By Rita Mingo
Sue Jackson’s love of the sport of swimming goes back decades.
“Elaine Tanner, Mighty Mouse, was my first swim crush, watching her back in the day,” related Jackson. “I kind of hung on to that. My kids were water rats. Swimming is great and I’m still in it.”
After years of happily devoting her time at the local and provincial level, Jackson has earned the Swim Canada Volunteer Contribution award for 2021. She shares the honour with another long-time devotee, Linda Metcalfe of Langley, B.C.
“I was very humbled to receive this,” said Jackson. “It’s a great organization with so many amazing volunteers.”
“I was just a little bit overwhelmed with the unexpectedness of it,” echoed Metcalfe. “When you do this kind of stuff, you’re not thinking about what am I doing to get an award. You just put your head down, do your thing. It was lovely and unexpected.”
Jackson is past president of Swim Nova Scotia, after being at the helm of the Wolfville Tritons Swim Club’s administration for 13 years.
“One of our big highlights during my tenure was to get David Sharpe (of Halifax) on the Olympic team,” Jackson, a Level 5 official out of Gran-Pre’ explained. “I remember I was flying to Montreal for that event, so I wasn’t at the pool when he made the team, but it was amazing to watch the replays.
“Just growing the sport; that grassroots, that bottom of the pyramid, all those little kids … I love the continuity in the sport, I love that family feel. I’m a fan!”
Metcalfe was president of Swim B.C. for four years and continues to work closely with the new administration. She had certain objectives when she fell into that position and says she wishes she could have done even more.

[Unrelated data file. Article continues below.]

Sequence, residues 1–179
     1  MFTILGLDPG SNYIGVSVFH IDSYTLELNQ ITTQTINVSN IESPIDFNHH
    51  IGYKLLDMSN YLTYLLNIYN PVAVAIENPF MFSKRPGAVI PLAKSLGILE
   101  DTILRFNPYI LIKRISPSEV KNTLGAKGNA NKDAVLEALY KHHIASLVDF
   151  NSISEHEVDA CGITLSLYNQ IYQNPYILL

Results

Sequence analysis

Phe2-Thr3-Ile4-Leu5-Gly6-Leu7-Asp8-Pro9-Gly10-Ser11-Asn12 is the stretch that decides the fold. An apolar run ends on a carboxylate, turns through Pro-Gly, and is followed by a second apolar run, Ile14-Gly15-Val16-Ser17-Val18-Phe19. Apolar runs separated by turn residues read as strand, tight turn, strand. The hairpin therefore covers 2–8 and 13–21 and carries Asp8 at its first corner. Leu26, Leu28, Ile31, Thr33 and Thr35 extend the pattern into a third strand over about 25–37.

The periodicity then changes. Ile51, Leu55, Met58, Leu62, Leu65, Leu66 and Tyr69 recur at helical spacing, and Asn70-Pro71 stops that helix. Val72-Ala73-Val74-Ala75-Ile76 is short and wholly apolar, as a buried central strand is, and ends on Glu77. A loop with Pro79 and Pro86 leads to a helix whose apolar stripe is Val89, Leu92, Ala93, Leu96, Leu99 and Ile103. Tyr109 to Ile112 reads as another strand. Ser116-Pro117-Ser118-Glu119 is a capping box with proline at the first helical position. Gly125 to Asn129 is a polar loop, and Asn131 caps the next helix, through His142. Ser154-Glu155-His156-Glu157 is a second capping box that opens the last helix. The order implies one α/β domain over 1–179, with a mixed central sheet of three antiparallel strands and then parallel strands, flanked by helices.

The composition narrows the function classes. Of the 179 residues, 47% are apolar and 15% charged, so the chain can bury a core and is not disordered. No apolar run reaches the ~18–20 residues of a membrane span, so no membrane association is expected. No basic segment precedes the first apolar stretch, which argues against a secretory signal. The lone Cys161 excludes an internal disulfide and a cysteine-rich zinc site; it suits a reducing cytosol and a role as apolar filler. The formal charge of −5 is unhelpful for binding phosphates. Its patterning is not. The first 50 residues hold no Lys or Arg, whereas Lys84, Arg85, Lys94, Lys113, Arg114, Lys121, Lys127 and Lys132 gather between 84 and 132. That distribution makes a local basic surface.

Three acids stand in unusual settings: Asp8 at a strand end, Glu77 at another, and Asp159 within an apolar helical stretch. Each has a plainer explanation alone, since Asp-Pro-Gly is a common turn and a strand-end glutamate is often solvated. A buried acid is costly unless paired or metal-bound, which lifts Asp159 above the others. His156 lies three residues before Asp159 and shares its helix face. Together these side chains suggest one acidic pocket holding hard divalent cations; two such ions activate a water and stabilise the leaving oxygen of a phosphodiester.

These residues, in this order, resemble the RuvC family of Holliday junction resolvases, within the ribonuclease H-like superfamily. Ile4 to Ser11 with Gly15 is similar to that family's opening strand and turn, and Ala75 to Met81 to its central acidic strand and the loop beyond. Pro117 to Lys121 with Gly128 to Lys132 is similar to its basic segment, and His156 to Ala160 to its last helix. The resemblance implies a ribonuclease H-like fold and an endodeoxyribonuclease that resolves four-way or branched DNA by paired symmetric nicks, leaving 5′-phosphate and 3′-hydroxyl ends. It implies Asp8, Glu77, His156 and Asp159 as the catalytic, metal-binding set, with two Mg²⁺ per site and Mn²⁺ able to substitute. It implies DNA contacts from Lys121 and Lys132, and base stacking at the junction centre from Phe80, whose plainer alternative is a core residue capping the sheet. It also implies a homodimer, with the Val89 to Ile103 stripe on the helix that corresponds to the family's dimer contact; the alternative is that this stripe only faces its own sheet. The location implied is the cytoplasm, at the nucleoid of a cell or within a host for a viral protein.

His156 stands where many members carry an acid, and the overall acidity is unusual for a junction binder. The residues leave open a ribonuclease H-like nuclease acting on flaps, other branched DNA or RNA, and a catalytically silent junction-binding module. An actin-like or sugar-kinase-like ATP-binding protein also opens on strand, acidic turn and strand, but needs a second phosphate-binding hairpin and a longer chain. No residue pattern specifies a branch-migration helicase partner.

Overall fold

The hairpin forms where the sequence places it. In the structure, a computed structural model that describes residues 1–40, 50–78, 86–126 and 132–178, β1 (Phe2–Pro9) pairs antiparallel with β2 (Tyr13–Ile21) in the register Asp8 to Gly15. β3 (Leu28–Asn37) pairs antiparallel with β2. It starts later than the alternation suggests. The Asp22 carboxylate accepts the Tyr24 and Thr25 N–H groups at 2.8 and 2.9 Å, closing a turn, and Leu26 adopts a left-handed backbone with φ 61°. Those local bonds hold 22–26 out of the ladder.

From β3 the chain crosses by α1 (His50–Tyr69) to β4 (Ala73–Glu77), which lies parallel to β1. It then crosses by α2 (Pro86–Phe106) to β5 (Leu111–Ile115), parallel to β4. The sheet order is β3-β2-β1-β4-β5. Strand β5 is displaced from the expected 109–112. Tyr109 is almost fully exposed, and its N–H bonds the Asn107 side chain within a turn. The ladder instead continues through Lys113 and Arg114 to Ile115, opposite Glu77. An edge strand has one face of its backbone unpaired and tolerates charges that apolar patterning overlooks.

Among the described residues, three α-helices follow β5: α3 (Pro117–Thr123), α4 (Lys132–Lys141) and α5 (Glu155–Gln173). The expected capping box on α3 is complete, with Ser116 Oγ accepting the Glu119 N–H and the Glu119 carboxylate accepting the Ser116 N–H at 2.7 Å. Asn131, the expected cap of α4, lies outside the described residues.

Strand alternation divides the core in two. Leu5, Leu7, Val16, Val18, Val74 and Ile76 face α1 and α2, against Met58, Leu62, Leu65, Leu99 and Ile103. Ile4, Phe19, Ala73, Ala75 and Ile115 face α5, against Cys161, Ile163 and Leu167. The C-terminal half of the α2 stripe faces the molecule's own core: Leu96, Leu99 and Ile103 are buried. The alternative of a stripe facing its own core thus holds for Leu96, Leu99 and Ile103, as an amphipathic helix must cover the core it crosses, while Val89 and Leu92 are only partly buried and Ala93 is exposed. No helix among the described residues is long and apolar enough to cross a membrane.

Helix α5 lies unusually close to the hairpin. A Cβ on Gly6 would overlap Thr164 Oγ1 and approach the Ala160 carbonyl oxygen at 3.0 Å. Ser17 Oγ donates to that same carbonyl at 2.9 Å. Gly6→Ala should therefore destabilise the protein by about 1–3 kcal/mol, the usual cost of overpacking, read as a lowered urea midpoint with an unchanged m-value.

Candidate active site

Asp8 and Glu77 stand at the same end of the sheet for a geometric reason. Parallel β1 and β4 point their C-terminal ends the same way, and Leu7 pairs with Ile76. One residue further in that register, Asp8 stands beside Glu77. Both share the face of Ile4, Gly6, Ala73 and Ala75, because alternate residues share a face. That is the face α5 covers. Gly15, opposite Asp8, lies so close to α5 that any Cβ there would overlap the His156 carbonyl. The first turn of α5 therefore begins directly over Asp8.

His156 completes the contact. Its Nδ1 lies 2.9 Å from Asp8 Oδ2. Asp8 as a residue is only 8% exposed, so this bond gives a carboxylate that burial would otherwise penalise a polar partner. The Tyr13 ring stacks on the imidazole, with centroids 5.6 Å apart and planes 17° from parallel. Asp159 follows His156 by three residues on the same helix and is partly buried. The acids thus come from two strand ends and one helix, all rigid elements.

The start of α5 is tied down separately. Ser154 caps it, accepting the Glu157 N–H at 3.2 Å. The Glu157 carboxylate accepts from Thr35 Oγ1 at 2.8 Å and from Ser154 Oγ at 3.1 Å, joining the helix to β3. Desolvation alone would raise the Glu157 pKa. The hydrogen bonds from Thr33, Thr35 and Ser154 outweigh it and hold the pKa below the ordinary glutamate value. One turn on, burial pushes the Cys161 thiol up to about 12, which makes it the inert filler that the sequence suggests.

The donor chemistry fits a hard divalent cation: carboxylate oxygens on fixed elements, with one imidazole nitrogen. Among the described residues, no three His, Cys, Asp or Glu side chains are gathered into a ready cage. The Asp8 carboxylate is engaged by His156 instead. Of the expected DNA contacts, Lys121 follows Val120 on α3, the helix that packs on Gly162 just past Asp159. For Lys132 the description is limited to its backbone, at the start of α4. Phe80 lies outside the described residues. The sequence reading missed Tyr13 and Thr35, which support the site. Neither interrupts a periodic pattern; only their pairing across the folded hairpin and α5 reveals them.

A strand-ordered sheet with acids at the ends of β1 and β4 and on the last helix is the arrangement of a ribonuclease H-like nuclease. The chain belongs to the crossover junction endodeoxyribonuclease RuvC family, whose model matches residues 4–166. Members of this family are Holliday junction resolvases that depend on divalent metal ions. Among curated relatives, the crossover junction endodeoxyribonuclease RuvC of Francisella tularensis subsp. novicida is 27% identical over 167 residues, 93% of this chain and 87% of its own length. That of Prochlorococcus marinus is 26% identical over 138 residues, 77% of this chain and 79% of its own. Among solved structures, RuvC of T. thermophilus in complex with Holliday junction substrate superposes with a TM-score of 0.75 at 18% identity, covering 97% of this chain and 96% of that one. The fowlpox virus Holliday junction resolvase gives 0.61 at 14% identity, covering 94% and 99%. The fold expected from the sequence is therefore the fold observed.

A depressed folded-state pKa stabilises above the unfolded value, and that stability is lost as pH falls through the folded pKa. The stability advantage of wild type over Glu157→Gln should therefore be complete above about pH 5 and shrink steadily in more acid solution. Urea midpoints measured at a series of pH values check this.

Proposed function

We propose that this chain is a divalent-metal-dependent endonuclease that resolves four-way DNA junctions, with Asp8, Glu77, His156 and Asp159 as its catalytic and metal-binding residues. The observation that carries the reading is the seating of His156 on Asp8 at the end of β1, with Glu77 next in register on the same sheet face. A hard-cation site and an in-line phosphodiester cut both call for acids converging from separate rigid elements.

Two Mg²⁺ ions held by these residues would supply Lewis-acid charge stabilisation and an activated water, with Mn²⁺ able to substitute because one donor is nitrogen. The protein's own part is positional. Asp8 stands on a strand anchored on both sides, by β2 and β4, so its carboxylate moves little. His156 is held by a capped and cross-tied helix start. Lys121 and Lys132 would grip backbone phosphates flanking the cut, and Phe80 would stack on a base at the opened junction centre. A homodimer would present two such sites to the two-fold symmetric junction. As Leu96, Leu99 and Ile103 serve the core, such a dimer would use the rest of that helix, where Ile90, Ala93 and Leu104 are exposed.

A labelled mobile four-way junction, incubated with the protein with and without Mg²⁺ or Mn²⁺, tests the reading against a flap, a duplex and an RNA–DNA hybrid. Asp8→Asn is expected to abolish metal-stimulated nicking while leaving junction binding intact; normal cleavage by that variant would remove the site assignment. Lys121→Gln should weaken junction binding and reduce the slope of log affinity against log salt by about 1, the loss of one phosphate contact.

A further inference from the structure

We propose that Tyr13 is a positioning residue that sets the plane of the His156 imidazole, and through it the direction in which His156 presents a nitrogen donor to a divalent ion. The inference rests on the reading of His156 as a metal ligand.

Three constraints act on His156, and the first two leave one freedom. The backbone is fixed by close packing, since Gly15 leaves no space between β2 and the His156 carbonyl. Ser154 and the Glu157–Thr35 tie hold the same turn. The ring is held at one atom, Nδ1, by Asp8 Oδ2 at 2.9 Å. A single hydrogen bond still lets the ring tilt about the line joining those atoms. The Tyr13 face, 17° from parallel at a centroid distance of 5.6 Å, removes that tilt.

“Because a board is a constantly moving organization and Swim B.C. is constantly changing, I don’t think you ever feel like you’re complete,” noted Metcalfe, also a Level 5 official. “When I came onto the board, my ultimate goal was really to improve communication between the Swim B.C. board and the executive director and have that flow through to the members. I just really wanted to see more transparency and for the members to know what was going on in the province, even if it was nothing going on.
“I think at the time I went on the board there was a lot of mistrust from the members toward Swim B.C. and I didn’t think that needed to be there. If you communicate and are transparent, you earn people’s trust.”
The past couple of seasons have been anomalous from a swimming perspective and to have things open up last year, at least for a while, was a blessing for both these individuals.
“We didn’t have a lot of things to celebrate,” pointed out Metcalfe, whose husband is coach of the Langley Olympians Swim Club. “Coming back, we were all in the same boat. What do we do again? How do these swim meets work? But it didn’t take long to see familiar faces and jump back in.”
In the fall, before Omicron shut everything down again, Jackson recalled officiating at an AUS event at Acadia University.
“Before anybody started, everyone started clapping. It was truly a goosebump, tear-in-the-eye moment because we were back and I still get that feeling.”
Metcalfe’s career as a financial advisor in Langley keeps her extremely busy, but swimming will continue to be there for her.
“I’ll always be on the deck, to go into my golden years officiating,” she said.
Jackson, too, will be a constant presence at the pool.
“I recently retired as a lab supervisor in Nova Scotia and I’ve discovered between Covid and retirement that I could easily become a total and complete hermit,” she added. “I need something to keep me out of the house, besides grandchildren, so swimming will definitely continue to be part of my adventures.”